This in no way means single line use is unsafe or unwise. In fact, some of the most progressive and modern techniques that are both safe and efficient involve the use of a single part of the line. It simply means that climbers must evaluate their TIP with an eye toward what possible forces it might experience. In addition, many single-line systems, when properly set up, allow for the lowering of an incapacitated climber from the ground, a huge advantage over the traditional dynamic climbing systems.
Bending, vectors and whatnot
Though slightly beyond the scope of this basic introduction, tree crews would be well served to realize that TIPs that result in wide angles – meaning a force both horizontal and vertical in nature – may cause different stresses on the TIP. These types of forces, often referred to as vectors or bending moments, can stress the structural integrity of the tree, trunk or branch in ways it’s not prepared to deal with. If one thinks of pulling down in the same plane that the tree grows, and then pulling it perpendicular to that plane, one can realize the changes in forces that have been applied to the TIP.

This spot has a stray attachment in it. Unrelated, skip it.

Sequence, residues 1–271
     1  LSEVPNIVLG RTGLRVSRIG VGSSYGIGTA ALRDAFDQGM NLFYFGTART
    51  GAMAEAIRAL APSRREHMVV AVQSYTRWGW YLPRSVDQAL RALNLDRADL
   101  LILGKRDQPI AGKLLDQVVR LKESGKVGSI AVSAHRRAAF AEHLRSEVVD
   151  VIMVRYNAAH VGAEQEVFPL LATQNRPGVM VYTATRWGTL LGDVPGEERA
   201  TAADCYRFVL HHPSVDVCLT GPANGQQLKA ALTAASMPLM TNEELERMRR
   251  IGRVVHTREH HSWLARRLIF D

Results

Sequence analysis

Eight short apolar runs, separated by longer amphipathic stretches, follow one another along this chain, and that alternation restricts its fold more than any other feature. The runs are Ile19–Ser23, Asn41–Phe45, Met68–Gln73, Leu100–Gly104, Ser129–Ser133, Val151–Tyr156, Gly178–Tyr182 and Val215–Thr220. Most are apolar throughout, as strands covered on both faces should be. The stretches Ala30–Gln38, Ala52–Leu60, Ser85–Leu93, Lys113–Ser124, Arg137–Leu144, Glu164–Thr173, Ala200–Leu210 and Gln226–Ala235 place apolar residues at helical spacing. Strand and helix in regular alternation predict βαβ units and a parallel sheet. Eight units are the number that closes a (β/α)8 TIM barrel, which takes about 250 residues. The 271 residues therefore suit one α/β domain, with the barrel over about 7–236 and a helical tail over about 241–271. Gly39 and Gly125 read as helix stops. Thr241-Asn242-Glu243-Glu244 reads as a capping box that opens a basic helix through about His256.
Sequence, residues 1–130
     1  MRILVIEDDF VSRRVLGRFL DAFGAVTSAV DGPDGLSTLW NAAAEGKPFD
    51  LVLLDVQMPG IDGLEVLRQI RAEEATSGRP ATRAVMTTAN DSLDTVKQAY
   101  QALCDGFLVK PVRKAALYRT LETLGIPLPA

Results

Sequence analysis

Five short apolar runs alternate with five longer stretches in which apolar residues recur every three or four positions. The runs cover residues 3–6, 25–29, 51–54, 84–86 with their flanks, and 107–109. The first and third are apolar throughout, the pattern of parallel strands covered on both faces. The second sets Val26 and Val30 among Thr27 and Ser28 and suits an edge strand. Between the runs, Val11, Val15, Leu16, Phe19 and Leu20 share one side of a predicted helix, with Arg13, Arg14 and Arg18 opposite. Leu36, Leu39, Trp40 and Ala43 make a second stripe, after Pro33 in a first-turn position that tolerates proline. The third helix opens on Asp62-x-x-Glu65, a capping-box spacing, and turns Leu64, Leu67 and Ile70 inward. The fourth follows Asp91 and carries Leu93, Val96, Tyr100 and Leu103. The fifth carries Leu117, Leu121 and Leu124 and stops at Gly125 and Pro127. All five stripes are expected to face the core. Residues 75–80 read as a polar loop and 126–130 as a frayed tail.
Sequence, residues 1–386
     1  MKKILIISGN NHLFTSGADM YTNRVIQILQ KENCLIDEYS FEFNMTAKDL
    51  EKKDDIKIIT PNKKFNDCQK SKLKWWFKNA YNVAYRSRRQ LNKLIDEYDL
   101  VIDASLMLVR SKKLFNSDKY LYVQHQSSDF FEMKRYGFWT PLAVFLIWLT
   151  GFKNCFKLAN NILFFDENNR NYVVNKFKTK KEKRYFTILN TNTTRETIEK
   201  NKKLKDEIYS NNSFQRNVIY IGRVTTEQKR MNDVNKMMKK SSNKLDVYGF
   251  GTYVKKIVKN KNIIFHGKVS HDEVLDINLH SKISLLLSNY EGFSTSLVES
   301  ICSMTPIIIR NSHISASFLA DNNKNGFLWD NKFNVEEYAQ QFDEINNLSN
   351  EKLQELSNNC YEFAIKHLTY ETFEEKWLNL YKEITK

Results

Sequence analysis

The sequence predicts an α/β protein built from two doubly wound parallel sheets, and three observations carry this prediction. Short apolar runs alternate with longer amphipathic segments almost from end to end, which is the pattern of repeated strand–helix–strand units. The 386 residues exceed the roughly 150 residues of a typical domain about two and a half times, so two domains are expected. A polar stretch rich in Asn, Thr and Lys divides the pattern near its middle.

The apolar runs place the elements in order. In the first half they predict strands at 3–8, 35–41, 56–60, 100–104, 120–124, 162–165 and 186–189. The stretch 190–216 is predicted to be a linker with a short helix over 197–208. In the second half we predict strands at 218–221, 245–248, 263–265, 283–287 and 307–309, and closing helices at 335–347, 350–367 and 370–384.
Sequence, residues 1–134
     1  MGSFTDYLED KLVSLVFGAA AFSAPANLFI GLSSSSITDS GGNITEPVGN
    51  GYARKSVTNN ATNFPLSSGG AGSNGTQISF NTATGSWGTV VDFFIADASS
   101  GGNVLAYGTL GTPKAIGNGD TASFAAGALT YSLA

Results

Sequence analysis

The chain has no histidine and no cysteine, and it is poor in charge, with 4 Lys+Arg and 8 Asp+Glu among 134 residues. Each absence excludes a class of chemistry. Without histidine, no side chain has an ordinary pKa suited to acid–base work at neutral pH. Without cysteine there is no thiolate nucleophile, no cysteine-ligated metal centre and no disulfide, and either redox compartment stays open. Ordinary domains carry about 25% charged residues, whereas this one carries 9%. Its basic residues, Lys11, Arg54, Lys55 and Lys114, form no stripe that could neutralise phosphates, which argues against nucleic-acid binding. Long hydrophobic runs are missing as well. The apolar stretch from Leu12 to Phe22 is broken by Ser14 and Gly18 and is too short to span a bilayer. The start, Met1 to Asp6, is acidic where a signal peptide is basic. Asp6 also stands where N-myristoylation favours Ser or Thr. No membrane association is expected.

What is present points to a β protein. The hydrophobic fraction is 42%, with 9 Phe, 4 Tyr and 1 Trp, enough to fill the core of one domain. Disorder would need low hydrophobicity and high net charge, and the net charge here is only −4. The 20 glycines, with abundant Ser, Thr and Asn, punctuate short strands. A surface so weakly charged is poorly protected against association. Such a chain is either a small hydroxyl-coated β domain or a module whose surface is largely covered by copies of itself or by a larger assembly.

New and improved
As always in the tree care industry, new information and research is becoming available and is in the process of being disseminated. As is often the case, this is typically driven by the development of new methods, tools or techniques from climbers within the industry. There has been some preliminary research done suggesting that perhaps a TIP in a static-type system with one part of the line being climbed does not see twice the load as previously thought. In addition, some research suggests that a dynamic system may experience more than simply the load of the climber.
While more information will certainly become available as the research progresses, currently a climber cannot go wrong by overestimating the amount of force the TIP will experience, whether it be in a static or dynamic system. After all, being “too safe” when a life hangs in the balance doesn’t seem to be that big of a problem.
This basic introduction to some of the forces in climbing systems should assist tree crews in better evaluating those TIPs and hopefully making better and safer TIP choices. The most important lesson is that spending a little more time looking for a good, strong, secure TIP for the particular climbing system/method being used may prevent a speedy, and painful, descent to the ground.